Two auto history puzzles.
1. Henry Ford was a pure Populist. His cars made life easier for farmers and small businessmen, and his factories made life more prosperous for working men and their families. He avoided Wall Street like the plague, getting his capital from partners. He was firmly against war and nation-building, preferring to build THIS nation. And in fact he DID build this nation.
Billy Durant was the opposite. He was a pure entrepreneur. He loved playing with stocks and making companies. He didn't care about customers or employees, as long as his share value increased.
BUT: One odd factoid appears in an older Collectible Auto mag. I haven't been able to find any other references to this factoid. The Leland brothers founded Cadillac. Billy bought them out and kept them around as consultants. According to this story: In 1918 the Lelands wanted Cadillac to take on a defense contract for aircraft engines. "Billy was a pacifist" and refused to take on the contract, so the Leland brothers quit GM and founded another company, making Lincolns.
This doesn't fit. Wall Streeters LOVE war and nation-building. War and chaos and massive suffering and genocide are the BEST OF ALL POSSIBLE WORLDS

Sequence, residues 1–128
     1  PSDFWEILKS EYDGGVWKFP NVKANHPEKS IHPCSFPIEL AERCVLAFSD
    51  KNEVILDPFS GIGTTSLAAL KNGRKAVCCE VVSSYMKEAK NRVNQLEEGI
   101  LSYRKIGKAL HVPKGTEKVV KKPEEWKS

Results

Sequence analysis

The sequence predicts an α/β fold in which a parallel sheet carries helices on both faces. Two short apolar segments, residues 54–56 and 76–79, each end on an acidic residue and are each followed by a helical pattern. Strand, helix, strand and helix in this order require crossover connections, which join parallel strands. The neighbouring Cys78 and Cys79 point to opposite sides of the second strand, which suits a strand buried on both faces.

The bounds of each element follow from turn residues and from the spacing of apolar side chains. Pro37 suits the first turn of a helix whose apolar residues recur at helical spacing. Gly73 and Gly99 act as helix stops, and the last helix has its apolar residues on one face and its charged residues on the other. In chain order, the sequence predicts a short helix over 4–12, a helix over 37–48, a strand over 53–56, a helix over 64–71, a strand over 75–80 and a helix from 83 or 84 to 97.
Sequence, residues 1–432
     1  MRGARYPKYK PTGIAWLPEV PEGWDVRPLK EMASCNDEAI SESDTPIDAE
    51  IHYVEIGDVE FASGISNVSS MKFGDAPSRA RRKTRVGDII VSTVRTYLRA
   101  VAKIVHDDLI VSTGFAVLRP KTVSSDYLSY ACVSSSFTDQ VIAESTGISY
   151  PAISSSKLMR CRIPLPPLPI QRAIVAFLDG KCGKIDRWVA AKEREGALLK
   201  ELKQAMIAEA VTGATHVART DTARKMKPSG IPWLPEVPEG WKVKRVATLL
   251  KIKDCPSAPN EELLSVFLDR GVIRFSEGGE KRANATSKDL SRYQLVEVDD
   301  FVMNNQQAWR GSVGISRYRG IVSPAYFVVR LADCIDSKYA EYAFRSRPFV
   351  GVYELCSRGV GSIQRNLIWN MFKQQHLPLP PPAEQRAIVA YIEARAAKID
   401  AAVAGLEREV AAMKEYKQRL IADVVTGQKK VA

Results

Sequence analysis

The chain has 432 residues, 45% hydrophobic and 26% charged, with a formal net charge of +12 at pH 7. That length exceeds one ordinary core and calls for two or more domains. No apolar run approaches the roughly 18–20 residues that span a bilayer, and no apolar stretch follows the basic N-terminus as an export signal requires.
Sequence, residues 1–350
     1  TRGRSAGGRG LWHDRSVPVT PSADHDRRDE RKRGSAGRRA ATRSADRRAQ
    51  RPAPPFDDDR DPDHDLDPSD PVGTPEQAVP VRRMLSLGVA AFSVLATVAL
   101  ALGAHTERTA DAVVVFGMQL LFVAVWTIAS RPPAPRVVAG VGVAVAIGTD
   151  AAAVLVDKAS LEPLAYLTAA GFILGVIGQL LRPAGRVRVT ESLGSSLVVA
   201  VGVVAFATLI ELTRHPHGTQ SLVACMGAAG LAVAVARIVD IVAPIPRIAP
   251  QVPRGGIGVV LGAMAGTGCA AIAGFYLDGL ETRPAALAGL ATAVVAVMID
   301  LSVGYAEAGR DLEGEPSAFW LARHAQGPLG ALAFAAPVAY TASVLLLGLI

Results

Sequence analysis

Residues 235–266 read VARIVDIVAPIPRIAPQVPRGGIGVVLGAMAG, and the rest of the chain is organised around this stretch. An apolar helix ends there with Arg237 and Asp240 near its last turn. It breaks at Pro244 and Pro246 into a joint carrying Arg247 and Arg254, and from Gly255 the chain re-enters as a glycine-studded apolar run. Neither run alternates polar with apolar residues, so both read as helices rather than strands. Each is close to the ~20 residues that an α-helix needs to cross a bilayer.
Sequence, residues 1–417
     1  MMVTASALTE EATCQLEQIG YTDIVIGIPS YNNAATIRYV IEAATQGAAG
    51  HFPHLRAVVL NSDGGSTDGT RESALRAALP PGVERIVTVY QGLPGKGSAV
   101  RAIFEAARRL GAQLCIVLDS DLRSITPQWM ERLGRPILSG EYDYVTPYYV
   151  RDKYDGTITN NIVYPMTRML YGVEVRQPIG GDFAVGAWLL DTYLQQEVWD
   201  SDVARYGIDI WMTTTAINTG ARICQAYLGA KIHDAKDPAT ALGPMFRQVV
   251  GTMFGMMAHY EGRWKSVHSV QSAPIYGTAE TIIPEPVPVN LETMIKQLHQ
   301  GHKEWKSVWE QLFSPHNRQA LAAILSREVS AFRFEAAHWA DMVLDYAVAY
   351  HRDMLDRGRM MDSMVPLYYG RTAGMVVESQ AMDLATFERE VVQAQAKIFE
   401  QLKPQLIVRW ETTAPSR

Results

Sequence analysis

for share value and trading volatility. There are no pacifists or non-interventionists in the market.
The next known event in the Leland sequence also runs counter to the factoid. In 1922 Henry bought out Lincoln and kept the Lelands on as consultants. They DIDN'T quit, even though Henry was unquestionably a solid pacifist.
= = = = =
2. "Everyone knows" that free-wheeling was a gimmick to save fuel, and "everyone knows" that free-wheeling was abandoned because it didn't allow you to use the engine for braking downhill.
The first "everyone knows" is just plain false. Coasting doesn't save fuel unless you turn off the engine while coasting.
Only professional Mobilgas Economy Run drivers pulled this sneaky trick, because restarting is risky ... and the best way to restart is by popping the clutch, which you can't
do with free-wheeling.
The second "everyone knows" is partly true but doesn't bear logical analysis. Engine braking in high gear
doesn't help much. You need to downshift to get useful retardation from the compression. BEFORE SYNCHROMESH, nobody downshifted. With an unsync'd transmission you can get away with minimal clashing on a well-timed upshift, but you need real skill to doubleclutch down into second. If you're going over 30, you're not going to think of downshifting anyway.
In fact free-wheeling was developed by Studie as an answer to GM's synchromesh, and in fact free-wheeling worked better than synchromesh.
Where did the "everyone knows"es come from? I'm betting they were fake news by GM, which enjoyed planting rumors to ruin competitors. Other examples (Airflow, streetcars) are well known. These fake facts would have helped GM's synchromesh to kill the superior competition.